Headwater streams and their riparian zones are a common, yet poorly understood, component of Pacific Northwest, USA, landscapes. We describe the ecological importance of headwater stream riparian zones as habitat for forest-floor invertebrate communities and assess how alternative management strategies for riparian zones may impact these communities. We compared community composition of forest-floor invertebrates at increasing distances along trans-riparian (stream edge to upslope) transects in mature forests, clearcuts, and riparian buffers of approximately 30-m width with upslope clearcuts. Invertebrates were collected using pitfall traps in five replicate blocks of three treatments each in the Willamette National Forest, Oregon, USA. We measured microclimate and microhabitat variables at pitfall locations. Despite strong elevation and block effects on community composition, community analyses revealed a distinct "riparian" invertebrate community within 1 m of the stream edge in mature forest treatments, which was strongly related to cool, humid microclimate conditions. Invertebrate community composition in buffer treatments was far more similar to that of mature forests than to clearcuts; a pattern mirrored by microclimate. These results suggest that, within our study sites, forest-floor invertebrate distributions are strongly associated with microclimate and that riparian buffers of approximately 30-m width do provide habitat for many riparian and forest species. Riparian reserves may serve as effective forest refugia and/or dispersal corridors for invertebrates and other taxa, and their incorporation into watershed management plans likely will contribute to meeting persistence and connectivity objectives. PMID:17555226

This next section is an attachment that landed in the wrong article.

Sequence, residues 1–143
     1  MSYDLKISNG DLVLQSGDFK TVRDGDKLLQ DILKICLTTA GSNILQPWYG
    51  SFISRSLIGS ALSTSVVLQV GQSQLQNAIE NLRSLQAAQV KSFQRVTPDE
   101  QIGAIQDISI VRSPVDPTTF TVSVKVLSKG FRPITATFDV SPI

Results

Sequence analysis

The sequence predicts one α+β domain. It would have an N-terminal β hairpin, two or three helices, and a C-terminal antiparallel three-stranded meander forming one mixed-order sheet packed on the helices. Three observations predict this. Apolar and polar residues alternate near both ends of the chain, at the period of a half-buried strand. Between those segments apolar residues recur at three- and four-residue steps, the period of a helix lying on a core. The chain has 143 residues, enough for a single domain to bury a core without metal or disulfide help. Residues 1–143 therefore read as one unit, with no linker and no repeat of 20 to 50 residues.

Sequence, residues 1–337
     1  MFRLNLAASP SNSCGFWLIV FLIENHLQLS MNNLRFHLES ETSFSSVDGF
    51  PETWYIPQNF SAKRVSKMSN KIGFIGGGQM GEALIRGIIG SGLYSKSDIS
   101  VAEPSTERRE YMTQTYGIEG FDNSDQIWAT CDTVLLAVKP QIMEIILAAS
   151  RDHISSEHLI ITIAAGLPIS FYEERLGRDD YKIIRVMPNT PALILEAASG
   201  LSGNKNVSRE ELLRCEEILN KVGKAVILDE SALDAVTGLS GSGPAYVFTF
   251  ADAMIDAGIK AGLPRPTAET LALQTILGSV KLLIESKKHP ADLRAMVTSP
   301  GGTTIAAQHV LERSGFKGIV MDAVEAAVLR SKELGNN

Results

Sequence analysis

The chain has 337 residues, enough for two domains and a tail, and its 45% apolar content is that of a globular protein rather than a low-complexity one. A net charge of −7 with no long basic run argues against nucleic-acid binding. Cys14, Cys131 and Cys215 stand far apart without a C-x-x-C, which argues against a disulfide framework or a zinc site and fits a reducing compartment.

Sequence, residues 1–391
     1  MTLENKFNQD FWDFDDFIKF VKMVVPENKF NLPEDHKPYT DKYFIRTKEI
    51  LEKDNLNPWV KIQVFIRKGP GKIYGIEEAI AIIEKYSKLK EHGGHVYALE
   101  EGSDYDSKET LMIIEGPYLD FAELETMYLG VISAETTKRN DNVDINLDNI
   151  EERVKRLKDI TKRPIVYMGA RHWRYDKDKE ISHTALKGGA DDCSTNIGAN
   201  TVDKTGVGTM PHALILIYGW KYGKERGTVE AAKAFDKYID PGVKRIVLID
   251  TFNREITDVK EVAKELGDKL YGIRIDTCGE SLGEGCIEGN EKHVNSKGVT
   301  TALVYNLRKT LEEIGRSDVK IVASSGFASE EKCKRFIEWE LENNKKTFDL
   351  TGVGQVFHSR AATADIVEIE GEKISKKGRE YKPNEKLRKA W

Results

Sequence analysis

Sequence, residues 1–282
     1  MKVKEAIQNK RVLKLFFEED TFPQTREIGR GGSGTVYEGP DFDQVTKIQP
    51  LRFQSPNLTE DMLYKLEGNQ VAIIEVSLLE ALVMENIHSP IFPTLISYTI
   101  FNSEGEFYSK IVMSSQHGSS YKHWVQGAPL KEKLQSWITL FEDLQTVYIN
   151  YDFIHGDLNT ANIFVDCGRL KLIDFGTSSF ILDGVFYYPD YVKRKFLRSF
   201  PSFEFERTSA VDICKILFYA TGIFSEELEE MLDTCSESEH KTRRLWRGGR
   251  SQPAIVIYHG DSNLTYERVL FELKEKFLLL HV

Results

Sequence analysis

15. A Conceptual Model of Riparian Forest Response to Channel Abandonment on Meandering Rivers

    NASA Astrophysics Data System (ADS)

    Stella, J. C.; Hayden, M. K.; Battles, J. J.; Piegay, H.; Dufour, S.; Fremier, A. K.

    2008-12-01